Presentation remarks: Jennifer, I remember well the day I met you, when you came to my office in Communication to plead for a seat in a course on Leadership. If I had had any sense of what you would go on to do — indeed, what you were already doing — I would have told you that you were already beyond the class. Still Jenn, it is inspiring to have watched you discover your passions and hone your abilities for effective leadership in those areas. You have been an RA, an America Reads tutor, a member of the Gala Committee, a leader of Sustained Dialogue, a DCGA Co-governor, and a member of (by my count) 14 organizations. What is interesting is that all of that was, in a way, preliminary to your discovery that your truest passions are in sustainability and social justice.
You have become a vital player in the development of the co-curricular sustainability education program that Denison is developing. You wrote in your essay about consciously narrowing your focus and recognizing that balance in your life, and intentionality in your commitments, would make you more effective. Many of us have seen that concentrating your considerable energy has indeed made you not merely a dynamo, but a powerhouse. If I may extend the energy metaphor to capture your effectiveness, it extends from your vibrant and sunny disposition, your ability to give fresh perspective to any problem, and your deep wells of goodwill. We hope to be able to share with you, as an alumna, the continuation of the good work you have done in years to come. Thank you, Jenn.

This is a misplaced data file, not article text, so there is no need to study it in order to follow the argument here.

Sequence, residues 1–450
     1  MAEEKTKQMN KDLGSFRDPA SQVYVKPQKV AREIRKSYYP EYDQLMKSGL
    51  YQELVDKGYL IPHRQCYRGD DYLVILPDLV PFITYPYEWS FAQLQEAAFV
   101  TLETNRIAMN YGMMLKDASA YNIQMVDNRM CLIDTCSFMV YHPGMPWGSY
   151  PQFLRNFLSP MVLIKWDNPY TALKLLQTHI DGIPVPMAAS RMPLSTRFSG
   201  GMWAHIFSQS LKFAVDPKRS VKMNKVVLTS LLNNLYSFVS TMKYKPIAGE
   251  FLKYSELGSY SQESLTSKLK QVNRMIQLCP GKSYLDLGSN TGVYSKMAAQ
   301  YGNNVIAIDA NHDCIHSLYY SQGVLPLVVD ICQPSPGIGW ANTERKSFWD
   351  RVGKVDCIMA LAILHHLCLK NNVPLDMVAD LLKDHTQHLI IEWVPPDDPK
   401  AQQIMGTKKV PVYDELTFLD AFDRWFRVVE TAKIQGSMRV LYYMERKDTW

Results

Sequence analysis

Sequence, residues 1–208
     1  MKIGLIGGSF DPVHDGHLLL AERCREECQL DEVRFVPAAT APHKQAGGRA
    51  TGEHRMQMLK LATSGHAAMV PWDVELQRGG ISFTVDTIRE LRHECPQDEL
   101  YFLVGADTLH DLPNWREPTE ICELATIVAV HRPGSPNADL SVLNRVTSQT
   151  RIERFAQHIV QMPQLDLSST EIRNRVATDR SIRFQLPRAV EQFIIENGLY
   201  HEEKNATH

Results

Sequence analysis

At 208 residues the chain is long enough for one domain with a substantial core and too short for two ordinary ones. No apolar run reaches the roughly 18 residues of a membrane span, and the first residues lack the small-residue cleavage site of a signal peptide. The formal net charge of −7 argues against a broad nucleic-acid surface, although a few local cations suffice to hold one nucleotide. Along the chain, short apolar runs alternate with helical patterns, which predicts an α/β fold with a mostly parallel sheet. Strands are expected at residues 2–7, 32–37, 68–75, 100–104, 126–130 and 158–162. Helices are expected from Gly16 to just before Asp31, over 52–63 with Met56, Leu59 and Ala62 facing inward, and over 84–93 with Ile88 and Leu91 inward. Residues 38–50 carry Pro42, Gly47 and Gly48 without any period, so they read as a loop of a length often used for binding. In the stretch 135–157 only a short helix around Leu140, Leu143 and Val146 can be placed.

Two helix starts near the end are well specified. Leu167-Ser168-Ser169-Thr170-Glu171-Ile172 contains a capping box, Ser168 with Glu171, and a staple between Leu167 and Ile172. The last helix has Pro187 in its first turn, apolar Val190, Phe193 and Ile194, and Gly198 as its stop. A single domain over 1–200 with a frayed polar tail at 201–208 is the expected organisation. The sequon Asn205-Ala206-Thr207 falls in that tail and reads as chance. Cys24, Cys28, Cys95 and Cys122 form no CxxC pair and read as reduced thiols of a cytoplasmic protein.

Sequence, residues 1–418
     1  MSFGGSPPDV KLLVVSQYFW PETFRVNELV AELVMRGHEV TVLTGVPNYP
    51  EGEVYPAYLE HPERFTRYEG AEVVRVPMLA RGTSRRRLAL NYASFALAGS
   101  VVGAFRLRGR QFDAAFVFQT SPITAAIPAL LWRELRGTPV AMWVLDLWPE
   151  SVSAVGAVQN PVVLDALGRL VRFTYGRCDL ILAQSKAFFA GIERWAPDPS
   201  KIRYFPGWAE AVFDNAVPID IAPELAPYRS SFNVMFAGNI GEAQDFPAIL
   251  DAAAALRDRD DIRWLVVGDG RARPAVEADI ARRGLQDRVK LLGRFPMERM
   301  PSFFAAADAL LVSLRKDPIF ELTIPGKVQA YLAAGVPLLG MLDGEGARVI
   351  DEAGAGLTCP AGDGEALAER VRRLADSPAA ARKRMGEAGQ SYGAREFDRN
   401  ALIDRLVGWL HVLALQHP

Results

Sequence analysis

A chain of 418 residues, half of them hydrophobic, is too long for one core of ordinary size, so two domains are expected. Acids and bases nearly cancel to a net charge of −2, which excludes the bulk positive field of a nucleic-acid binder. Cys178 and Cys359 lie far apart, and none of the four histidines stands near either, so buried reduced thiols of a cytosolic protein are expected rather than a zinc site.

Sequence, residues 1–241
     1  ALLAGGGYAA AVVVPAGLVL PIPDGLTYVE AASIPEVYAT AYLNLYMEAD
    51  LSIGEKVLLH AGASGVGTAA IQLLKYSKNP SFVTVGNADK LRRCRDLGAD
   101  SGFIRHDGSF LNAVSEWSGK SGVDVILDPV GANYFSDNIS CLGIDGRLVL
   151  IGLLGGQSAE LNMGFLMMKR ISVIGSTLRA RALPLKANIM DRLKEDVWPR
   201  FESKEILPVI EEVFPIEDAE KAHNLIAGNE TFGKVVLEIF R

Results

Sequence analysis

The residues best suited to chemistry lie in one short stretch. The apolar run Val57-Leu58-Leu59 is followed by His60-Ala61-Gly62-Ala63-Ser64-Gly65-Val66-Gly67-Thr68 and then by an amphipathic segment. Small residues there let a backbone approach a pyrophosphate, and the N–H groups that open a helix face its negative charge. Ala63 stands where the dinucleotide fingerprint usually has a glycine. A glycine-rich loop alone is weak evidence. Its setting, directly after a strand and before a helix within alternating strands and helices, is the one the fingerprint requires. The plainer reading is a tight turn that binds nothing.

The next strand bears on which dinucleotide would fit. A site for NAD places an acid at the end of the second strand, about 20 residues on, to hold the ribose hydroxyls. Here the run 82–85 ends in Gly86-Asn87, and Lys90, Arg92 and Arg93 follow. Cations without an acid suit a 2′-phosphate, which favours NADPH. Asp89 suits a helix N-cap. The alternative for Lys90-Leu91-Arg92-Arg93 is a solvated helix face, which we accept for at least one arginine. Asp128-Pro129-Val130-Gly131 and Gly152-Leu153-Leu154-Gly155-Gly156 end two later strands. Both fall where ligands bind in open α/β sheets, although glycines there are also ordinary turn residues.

B.S. Physics; New Kensington, Pa.
Interfraternity Council - President; Society of Physics Students - President; Paving the Way Pre-orientation - Ambassador; Beta Theta Pi - Philanthropy, Service and Alumni Relations Chair; Sigma Pi Sigma Honorary - President
Presentation remarks: Dan, your Denison story seems to be about dicovering who you hoped to be, the qualities of character you wished to represent, and then finding ways to live into those values. For you, that has meant developing in three distinctive arenas: as a committed student of physics, as a leader of Denison’s fraternity community, and as a facilitator of the Paving the Way Pre-orientation.
I believe you are widely regarded as have made important changes in IFC, a group that Aimee Maczko identified as one of the most challenging organizations at Denison to lead. IFC has struggled to command the respect of fraternity men, although its role is, in part, to establish mechanisms of self governance and accountability. Your astute analysis of how the body’s membership and place in the fraternity hierarchy undermined its effectiveness enabled you to make changes and increase IFC’s credibility. The value of this work should not be underestimated by anyone who is committed to Greek life at Denison.
As a physicist, you have been a respected student researcher, but also an active participant in the demonstration roadshows the department puts on. Dan Gibson wrote that you have contributed not just with your own time and energy, but also with your skills of persuasion, as you convinced your peers that this educational outreach was important. As one of the student coordinators of Paving the Way, you provided both logistical and programmatic elements, but your brought yourself fully to the table as a first-generation college student. Erik Farley notes that your mentorship and your engagement both broke down barriers and built up bridges that have shaped the expectations of participants about Denison. We are very proud of you, Dan. You have used your experiences at Denison, both inside and out of the classroom, to become more fully yourself, and we have benefitted from whom you have been: a person of character, commitment, and concern for others. We thank you.